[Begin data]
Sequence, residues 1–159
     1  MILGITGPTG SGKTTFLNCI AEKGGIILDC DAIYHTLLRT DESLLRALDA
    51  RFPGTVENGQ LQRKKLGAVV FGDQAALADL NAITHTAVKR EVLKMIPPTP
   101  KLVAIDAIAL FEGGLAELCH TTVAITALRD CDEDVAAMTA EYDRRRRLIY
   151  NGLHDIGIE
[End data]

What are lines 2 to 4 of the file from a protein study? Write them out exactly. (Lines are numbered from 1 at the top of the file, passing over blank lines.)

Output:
     1  MILGITGPTG SGKTTFLNCI AEKGGIILDC DAIYHTLLRT DESLLRALDA
    51  RFPGTVENGQ LQRKKLGAVV FGDQAALADL NAITHTAVKR EVLKMIPPTP
   101  KLVAIDAIAL FEGGLAELCH TTVAITALRD CDEDVAAMTA EYDRRRRLIY